"At the same time the Pharmaceutical Research and Manufacturers of America (PhRMA) was paying one of [Senator Orrin G. Hatch's] sons, Scott, to be its lobbyist in Congress," it and its drug company members were making major donations to a nonprofit organization that Senator Hatch helped found and actively supports.
In 2002, an independent study on hormone replacement therapy was halted, because the drugs were strongly linked to an "increased risk for breast cancer, heart disease, stroke and blood clots" in women. The same year, the University of Wisconsin-Madison began offering an online course, "funded entirely by a $12 million grant from Wyeth Pharmaceuticals," that "promoted hormone therapy, touted its benefits and downplayed its risks." Wyeth makes two hormone therapy drugs, Prempro and Premarin.
Eli Lilly will pay the largest fine "in a health care case, and the largest criminal fine for an individual corporation ever imposed in a U.S. criminal prosecution of any kind." The pharmaceutical company will pay $1.42 billion to settle criminal and civil charges related to the marketing of its anti-psychotic drug Zyprexa.
According to internal documents, the pharmaceutical company Wyeth "paid ghostwriters to produce medical journal articles favorable to its female hormone replacement therapy Prempro." As early as 1997, Wyeth paid the "medical writing firm" DesignWrite to publish favorable journal articles about Prempro under academics' names.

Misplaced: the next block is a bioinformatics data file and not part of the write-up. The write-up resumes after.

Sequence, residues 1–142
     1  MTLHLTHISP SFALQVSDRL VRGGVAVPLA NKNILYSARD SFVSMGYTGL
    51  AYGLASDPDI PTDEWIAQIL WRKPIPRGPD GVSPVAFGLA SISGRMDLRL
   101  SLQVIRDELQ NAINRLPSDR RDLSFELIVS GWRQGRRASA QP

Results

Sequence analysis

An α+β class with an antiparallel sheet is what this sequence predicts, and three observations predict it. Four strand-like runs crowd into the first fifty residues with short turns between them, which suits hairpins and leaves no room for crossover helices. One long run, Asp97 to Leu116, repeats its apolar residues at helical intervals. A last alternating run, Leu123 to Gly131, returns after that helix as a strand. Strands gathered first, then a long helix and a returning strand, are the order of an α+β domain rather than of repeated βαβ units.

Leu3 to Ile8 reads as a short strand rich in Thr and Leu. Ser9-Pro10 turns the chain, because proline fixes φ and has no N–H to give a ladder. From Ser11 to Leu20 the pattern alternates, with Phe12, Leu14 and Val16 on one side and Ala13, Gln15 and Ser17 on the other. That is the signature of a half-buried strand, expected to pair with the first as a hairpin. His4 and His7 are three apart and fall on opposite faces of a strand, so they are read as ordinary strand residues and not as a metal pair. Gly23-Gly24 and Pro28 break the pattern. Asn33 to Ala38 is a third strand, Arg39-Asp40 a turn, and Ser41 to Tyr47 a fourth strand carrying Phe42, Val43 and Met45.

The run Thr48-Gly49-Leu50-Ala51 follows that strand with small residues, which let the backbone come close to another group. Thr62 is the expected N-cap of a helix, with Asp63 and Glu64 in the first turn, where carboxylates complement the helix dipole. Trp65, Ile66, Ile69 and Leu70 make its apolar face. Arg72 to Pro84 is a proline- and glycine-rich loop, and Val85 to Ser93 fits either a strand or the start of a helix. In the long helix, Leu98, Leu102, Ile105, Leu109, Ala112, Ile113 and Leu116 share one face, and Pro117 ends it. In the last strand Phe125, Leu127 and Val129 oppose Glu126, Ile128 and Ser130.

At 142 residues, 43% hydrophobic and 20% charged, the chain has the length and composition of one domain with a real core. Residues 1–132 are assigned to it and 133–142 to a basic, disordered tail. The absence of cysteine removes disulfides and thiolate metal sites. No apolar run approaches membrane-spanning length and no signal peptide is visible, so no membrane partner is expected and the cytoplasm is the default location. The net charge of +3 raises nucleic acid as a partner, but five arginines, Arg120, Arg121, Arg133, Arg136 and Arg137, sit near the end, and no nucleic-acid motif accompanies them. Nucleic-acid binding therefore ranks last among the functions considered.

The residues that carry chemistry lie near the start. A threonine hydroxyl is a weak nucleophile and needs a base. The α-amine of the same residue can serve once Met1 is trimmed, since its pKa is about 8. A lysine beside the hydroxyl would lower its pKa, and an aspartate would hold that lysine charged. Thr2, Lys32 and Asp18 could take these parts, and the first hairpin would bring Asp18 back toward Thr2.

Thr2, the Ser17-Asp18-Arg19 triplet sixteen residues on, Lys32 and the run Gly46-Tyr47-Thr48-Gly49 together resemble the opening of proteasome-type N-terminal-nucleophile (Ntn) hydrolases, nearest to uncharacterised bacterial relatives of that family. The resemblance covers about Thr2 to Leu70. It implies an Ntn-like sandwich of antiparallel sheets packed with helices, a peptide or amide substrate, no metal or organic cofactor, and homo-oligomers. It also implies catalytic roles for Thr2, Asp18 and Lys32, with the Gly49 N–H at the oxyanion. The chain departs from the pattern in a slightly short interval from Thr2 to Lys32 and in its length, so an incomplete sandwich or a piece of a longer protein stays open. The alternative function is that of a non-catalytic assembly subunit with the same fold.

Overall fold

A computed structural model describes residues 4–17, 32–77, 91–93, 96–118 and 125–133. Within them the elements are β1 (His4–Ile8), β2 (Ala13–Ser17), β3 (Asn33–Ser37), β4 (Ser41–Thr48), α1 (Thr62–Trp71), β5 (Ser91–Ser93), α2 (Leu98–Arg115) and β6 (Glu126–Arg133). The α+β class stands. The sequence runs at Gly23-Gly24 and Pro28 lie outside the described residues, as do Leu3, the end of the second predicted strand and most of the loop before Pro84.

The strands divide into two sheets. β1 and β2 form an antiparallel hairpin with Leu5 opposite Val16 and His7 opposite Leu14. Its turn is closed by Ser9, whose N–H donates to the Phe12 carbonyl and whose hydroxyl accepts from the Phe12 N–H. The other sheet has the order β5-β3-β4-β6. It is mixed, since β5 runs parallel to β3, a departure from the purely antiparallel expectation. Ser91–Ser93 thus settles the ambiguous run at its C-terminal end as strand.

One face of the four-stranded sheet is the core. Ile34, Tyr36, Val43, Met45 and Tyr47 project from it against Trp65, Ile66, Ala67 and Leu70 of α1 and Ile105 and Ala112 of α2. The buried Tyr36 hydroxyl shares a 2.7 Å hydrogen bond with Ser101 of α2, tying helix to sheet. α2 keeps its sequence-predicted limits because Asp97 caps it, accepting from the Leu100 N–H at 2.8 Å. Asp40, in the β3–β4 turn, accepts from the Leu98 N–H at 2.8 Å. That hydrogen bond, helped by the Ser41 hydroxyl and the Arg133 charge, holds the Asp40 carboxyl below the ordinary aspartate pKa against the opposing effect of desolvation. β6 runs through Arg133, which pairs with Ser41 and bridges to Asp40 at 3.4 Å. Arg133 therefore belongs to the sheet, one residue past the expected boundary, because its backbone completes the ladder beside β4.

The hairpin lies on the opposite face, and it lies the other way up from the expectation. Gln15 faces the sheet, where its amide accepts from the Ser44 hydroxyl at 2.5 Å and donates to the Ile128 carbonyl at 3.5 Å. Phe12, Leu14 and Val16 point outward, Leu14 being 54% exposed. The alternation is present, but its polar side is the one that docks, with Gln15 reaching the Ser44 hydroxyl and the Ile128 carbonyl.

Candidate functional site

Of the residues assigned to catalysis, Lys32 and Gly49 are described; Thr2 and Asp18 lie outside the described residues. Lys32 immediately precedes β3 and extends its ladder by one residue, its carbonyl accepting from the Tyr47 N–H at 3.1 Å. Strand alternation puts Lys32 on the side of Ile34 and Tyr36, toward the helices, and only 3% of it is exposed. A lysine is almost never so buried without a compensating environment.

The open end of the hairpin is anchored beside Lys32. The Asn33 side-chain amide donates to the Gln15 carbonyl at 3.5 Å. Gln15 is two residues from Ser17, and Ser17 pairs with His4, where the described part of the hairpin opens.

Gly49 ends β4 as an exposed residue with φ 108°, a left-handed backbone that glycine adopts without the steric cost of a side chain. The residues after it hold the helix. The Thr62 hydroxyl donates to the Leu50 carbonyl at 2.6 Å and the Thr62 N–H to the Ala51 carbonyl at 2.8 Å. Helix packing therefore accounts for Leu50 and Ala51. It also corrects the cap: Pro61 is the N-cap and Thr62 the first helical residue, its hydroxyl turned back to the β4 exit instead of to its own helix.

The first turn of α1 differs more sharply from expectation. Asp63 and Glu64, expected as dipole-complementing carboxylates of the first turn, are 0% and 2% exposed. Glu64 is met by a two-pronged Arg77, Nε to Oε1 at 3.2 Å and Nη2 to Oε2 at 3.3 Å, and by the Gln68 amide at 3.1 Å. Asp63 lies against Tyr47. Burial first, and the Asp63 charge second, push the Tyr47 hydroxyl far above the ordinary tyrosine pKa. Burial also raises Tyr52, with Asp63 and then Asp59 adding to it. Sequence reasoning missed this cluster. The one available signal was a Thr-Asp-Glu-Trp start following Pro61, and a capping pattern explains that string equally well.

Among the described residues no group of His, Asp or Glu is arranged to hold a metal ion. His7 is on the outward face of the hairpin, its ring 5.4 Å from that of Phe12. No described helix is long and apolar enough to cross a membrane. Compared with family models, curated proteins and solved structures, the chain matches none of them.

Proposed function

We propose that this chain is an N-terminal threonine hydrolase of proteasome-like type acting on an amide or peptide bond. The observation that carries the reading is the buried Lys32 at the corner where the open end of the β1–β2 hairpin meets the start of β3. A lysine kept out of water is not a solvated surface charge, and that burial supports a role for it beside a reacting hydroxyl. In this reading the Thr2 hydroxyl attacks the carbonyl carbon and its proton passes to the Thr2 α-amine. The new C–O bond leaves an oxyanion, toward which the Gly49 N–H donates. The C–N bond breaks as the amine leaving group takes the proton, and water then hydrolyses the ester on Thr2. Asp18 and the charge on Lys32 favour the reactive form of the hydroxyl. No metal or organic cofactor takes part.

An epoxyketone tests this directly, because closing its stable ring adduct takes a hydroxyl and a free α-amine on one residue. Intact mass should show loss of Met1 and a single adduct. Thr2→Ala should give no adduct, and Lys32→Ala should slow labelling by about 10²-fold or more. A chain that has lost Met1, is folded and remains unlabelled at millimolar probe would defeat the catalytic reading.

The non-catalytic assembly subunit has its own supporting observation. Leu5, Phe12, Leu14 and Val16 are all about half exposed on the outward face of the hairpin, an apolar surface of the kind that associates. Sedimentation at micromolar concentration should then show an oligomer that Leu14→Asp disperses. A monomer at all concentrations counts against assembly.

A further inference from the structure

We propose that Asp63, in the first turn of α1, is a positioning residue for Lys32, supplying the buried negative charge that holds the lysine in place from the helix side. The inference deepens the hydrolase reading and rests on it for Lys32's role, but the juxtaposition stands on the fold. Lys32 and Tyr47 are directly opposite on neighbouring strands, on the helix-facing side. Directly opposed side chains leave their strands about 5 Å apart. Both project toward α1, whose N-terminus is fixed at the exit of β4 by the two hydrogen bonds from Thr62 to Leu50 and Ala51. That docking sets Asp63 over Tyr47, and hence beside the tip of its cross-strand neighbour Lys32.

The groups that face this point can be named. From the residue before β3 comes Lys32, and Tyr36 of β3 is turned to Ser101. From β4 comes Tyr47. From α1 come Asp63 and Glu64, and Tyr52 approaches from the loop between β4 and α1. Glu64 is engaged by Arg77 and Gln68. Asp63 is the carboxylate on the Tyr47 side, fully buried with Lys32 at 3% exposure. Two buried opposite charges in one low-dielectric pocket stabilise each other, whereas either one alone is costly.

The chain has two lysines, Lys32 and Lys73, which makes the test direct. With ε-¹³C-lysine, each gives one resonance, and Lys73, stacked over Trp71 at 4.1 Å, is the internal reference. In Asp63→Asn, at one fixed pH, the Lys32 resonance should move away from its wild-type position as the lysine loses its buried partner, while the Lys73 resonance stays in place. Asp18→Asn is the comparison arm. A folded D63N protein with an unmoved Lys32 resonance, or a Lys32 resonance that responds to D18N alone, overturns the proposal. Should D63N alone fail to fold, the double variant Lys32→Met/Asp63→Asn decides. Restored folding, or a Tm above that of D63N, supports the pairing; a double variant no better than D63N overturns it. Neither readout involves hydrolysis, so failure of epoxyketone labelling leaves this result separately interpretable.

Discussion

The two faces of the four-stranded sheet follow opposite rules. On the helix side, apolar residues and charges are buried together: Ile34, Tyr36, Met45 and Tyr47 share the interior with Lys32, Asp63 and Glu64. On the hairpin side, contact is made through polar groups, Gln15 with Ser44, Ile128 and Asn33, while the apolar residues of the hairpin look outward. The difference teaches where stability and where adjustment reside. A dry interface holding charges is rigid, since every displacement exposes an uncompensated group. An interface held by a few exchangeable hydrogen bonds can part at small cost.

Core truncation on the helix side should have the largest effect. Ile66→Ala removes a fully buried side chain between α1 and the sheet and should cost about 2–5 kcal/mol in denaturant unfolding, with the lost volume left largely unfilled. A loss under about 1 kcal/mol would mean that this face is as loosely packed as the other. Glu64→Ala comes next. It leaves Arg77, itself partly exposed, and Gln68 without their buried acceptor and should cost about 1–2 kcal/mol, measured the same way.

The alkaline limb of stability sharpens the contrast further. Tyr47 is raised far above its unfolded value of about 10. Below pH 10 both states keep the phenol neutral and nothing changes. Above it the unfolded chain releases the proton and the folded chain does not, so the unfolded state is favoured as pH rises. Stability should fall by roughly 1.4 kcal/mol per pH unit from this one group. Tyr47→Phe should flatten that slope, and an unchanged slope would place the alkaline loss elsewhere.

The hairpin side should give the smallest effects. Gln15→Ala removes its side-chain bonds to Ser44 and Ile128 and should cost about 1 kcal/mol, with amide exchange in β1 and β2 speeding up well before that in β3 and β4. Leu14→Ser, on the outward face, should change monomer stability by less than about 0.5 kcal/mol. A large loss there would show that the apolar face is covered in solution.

The Canadian Association of University Teachers has strongly condemned a new lawsuit by the Apotex pharmaceutical company against Dr. Nancy Olivieri. As a liver specialist at the University of Toronto, Olivieri first came under attack from Apotex in 1996 when she notified her patients that she had detected toxic side effects while conducting an Apotex-sponsored study of the company's drug, deferiphone.
Psychiatrist Frederick K. Goodwin, who hosts a popular show on National Public Radio called "The Infinite Mind," earned "at least $1.3 million from 2000 to 2007 giving marketing lectures for drugmakers, income not mentioned on the program," reports Gardiner Harris.
Cholesterol-reducing drugs called statins have been in the news lately following the release of a major medical study that found that statins can prevent heart disease and stroke in people with no previous history of heart disease.
Statins are among the biggest-selling family of drugs of all time. Many articles about the study mentioned above, including one on the credible web site WebMD, also mention the specific drug used in the study: Crestor.
The study has generated hundreds of articles, most of which repeat the same basic framing of the issue: if heart disease is the problem, a drug is the answer.
A $13.2 million ad campaign thanks 28 members of Congress, 25 of whom are Democrats, "for supporting a children's health-care bill vetoed twice by President George W. Bush in 2007." The ads are by America's Agenda: Health Care for Kids, a new non-profit group whose sole funder is the Pharmaceutical Research and Manufacturers of America (PhRMA).